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Community and Q&A

Vapor retarder location

cosmosnomo33 | Posted in Green Building Techniques on

I’m looking for some options for properly protecting my cabin from water issues. It will have a metal roof attached to purlins which are on the rafters. The plan now is to insulate the rafter cativities with blown cellulose and possilby place a vapor retarder in front of that on the warm side. There will be ventilation between the insulation and the metal roof via an air gap and openings at the soffit and ridge vent. Do I need anything on the cold side or against the metal roof? Any better options for insulation? We are located in Maryland so its hot and humid summers with cold winters. It is a gable roof at 8/12 pitch. The attic area is a sleeping loft. We will burn wood for heat but no a/c. Also the walls are made of cob, which is clay, sand, and straw. The building is approx 150 square feet. Thank you

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  1. GBA Editor
    Martin Holladay | | #1

    If you plan to to insulate your rafter cavities with blown-in cellulose, you need an air barrier on both sides of your cellulose (above and below) as well as a ventilation cavity between the upper air barrier and the metal roofing. Since it sounds like you aren't planning to install any roof sheathing, these layers can be tricky to achieve.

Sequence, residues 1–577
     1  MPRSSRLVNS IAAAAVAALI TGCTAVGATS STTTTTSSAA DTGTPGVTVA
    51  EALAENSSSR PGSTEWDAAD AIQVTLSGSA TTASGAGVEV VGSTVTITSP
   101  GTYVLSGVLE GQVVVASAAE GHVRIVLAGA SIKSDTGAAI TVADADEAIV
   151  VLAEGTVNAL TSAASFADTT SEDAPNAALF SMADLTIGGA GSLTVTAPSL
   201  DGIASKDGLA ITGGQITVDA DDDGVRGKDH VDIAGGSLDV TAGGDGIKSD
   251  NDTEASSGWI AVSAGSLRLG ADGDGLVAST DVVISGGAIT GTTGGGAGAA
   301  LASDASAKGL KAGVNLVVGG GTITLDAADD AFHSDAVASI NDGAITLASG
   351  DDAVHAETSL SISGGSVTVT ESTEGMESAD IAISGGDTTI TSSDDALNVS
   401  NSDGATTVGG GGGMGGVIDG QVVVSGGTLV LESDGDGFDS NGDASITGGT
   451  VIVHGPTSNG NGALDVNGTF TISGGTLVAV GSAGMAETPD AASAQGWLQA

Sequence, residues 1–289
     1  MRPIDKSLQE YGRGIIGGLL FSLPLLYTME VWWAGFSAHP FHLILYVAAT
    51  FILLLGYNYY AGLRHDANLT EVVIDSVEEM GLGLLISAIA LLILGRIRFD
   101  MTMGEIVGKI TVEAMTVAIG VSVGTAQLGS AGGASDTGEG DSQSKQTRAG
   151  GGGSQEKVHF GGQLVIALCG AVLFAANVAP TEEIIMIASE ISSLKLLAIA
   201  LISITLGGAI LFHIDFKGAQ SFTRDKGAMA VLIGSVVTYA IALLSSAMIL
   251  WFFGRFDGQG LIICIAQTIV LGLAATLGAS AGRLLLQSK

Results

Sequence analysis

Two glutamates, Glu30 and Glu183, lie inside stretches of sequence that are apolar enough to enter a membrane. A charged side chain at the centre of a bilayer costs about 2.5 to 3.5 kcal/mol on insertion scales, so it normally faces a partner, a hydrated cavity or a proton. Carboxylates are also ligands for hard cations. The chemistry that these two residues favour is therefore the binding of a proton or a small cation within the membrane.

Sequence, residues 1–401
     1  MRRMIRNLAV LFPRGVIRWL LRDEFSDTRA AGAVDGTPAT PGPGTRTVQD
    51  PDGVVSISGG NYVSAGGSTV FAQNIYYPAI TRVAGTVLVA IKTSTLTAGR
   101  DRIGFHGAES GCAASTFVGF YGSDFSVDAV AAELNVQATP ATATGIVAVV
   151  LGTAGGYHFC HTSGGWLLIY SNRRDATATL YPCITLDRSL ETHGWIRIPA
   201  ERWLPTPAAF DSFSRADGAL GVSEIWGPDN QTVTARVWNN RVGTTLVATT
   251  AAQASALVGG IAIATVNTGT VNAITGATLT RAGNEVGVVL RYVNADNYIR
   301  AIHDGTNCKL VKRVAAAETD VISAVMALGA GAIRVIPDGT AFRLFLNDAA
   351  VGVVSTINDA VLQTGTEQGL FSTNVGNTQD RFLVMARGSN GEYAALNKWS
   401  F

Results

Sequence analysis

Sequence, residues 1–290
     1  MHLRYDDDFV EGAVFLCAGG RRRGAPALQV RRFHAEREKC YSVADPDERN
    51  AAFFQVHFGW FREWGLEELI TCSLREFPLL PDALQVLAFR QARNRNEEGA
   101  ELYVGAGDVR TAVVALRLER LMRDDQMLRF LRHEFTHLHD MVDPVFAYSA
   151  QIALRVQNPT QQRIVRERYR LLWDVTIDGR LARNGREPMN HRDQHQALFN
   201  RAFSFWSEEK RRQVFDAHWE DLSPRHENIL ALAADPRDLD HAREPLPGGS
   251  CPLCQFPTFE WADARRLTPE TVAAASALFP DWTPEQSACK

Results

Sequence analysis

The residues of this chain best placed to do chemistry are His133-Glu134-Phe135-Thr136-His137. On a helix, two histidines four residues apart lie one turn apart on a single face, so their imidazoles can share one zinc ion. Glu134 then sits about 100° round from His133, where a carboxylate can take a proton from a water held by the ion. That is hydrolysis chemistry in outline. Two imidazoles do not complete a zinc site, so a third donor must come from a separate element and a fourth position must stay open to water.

The easiest way to do what you intend is to sheathe your roof with plywood or OSB, and to install your purlins above the roof sheathing. If you choose a vapor-permeable roofing underlayment like asphalt felt (not synthetic roofing underlayment), then the spaces between your purlins probably provide adequate ventilation -- even though they are oriented rake-to-rake instead of eave-to-ridge.

    In your climate, you shouldn't install interior polyethylene. Ordinary latex paint will provide an adequate vapor retarder on the interior of your roof assembly.

    For more information on these issues, see How to Build an Insulated Cathedral Ceiling.

  2. Expert Member
    Dana Dorsett | | #2

    A layer of Typar or Tyvek sandwiched between the rafters & purlins can a vapor-permeable exterior air-barrier for the cellulose. Without a rigid air barrier on the exterior you can't dense-pack the cellulose or it will pillow-out and contact the metal roofing, but low-density cellulose would be fine.

    If you are installing an OSB or plywood deck between the purlins & rafters you can dense pack against it, but it would be advisable to then use a "smart" vapor retarder on the interior, due to the lower drying rate through the wood sheathing. Relying only on a vent space above rather than below the sheathing is higher risk, since the sheathing it would directly exposed to the interior moisture drive through the insulation layer rather than the outdoor air convecting through in the channel, as in a standard vented roof stackup.

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